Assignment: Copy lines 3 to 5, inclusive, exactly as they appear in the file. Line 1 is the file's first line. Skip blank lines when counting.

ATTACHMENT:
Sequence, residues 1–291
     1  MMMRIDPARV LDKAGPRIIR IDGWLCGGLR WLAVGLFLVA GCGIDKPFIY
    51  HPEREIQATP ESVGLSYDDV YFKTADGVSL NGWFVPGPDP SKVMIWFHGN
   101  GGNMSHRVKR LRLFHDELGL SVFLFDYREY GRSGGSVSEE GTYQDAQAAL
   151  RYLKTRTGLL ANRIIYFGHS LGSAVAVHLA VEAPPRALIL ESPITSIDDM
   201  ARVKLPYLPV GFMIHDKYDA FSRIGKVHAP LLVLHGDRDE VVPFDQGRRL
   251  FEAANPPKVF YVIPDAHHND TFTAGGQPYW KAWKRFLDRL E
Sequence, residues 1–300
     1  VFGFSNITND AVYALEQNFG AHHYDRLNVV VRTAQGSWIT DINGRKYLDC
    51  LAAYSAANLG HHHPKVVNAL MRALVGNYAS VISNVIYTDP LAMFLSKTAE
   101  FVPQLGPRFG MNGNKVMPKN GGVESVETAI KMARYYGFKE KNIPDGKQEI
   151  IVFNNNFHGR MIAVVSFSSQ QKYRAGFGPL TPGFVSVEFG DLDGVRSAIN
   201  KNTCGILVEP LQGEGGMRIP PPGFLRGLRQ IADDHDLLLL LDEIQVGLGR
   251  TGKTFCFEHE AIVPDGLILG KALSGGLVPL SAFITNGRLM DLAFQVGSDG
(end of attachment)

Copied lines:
    51  HPEREIQATP ESVGLSYDDV YFKTADGVSL NGWFVPGPDP SKVMIWFHGN
   101  GGNMSHRVKR LRLFHDELGL SVFLFDYREY GRSGGSVSEE GTYQDAQAAL
   151  RYLKTRTGLL ANRIIYFGHS LGSAVAVHLA VEAPPRALIL ESPITSIDDM